© William Collins Sons & Co. Ltd. 1979, 1986 © HarperCollins
Publishers 1998, 2000, 2003, 2005, 2006, 2007, 2009, 2012
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Word Origin and History for satellite
satellite
1548, "follower or attendant of a superior person," from M.Fr. satellite (14c.), from L. satellitem (nom. satelles) "attendant," perhaps from Etruscan satnal (Klein), or a compound of roots *satro- "full, enough" + *leit- "to go" (Tucker); cf. Eng. follow, which is constructed of similar roots. Meaning "planet that revolves about a larger one" first attested 1665, in reference to the moons of Jupiter, from L. satellites, which was used in this sense 1611 by Ger. astronomer Johannes Kepler (1571-1630). Galileo, who had discovered them, called them Sidera Medicæa in honor of the Medici family. Meaning "man-made machinery orbiting the Earth" first recorded 1936 as theory, 1957 as fact. Meaning "country dependent and subservient to another" is recorded from 1800.
Online Etymology Dictionary, © 2010 Douglas Harper
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satellite in Medicine

satellite sat·el·lite (sāt'l-īt')
n.

  1. A minor structure accompanying a more important or larger one.

  2. A short segment of a chromosome separated from the rest by a constriction, typically associated with the formation of a nucleolus.

  3. A colony of microorganisms whose growth in culture medium is enhanced by certain substances produced by another colony in its proximity.

The American Heritage® Stedman's Medical Dictionary
Copyright © 2002, 2001, 1995 by Houghton Mifflin Company. Published by Houghton Mifflin Company.
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satellite in Science
satellite
  (sāt'l-īt')   

  1. A small body in orbit around a larger body. See Note at moon.

  2. An object launched to orbit Earth or another celestial body. Satellites are used for research, communications, weather information, and navigation. The first artificial Earth satellite was Sputnik 1, launched by the Soviet Union in October 1957; the first successful American satellite was launched in January 1958.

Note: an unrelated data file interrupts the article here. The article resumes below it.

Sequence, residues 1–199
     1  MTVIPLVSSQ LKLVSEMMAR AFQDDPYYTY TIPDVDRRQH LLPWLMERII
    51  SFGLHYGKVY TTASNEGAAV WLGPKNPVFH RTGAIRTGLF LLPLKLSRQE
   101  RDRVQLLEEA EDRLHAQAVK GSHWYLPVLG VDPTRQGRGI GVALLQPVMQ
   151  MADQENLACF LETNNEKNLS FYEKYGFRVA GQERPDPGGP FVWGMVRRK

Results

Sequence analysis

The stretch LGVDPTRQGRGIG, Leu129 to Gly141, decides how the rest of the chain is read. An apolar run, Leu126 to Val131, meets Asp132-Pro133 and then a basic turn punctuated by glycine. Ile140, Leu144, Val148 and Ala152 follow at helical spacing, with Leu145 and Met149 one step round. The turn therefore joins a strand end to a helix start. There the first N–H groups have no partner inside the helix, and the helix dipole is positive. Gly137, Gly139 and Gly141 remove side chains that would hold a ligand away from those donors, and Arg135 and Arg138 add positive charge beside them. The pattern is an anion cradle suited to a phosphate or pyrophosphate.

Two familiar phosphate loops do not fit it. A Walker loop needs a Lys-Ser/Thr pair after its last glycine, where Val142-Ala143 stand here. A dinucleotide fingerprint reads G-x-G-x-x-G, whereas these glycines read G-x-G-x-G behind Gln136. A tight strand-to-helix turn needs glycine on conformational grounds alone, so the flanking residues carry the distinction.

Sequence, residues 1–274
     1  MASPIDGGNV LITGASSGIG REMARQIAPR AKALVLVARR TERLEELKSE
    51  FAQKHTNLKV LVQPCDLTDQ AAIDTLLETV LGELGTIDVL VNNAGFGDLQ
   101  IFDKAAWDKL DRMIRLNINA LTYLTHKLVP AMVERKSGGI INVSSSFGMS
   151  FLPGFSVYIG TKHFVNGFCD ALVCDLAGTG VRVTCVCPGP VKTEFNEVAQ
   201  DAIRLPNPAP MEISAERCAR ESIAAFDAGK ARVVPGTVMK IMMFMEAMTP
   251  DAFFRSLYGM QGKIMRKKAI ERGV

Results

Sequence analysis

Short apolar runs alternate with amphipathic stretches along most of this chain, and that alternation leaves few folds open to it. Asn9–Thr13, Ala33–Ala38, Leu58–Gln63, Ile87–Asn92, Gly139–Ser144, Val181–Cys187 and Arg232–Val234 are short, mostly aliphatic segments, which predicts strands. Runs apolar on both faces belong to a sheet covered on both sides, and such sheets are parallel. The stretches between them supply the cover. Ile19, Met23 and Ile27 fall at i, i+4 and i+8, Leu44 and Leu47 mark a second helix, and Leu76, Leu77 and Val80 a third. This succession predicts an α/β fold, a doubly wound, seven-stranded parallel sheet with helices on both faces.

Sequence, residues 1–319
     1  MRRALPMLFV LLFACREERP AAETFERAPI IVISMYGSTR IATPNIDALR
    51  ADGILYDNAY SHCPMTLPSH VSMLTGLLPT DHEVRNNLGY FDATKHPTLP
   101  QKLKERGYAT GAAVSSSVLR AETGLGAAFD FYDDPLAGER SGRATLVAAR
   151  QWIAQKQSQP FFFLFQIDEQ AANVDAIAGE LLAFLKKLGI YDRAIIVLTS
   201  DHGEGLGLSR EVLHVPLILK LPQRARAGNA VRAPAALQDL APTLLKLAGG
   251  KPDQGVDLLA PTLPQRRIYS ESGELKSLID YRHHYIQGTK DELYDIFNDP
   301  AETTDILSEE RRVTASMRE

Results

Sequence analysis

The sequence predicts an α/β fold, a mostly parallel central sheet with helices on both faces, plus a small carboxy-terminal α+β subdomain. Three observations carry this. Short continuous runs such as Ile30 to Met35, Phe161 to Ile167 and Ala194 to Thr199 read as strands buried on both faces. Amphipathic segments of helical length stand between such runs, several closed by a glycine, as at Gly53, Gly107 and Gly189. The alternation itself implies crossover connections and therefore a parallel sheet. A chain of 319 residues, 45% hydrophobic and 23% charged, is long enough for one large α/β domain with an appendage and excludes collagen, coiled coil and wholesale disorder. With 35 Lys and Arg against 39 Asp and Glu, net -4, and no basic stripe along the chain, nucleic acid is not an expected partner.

The American Heritage® Science Dictionary
Copyright © 2002. Published by Houghton Mifflin. All rights reserved.
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satellite in Culture

satellite definition


In politics, a nation that is dominated politically by another. The Warsaw Pact nations, other than the former Soviet Union itself, were commonly called satellites of the Soviet Union.

satellite definition


In astronomy, an object, whether natural (such as the moon) or artificial (such as a weather observation satellite), that revolves around a central body. (See under “World Politics.”)

satellite definition


Any object in orbit about some body capable of exerting a gravitational (see gravitation) force. Artificial satellites in orbit around the Earth have many uses, including relaying communication signals, making accurate surveys and inventories of the Earth's surface and weather patterns, and carrying out scientific experiments.

The American Heritage® New Dictionary of Cultural Literacy, Third Edition
Copyright © 2005 by Houghton Mifflin Company.
Published by Houghton Mifflin Company. All rights reserved.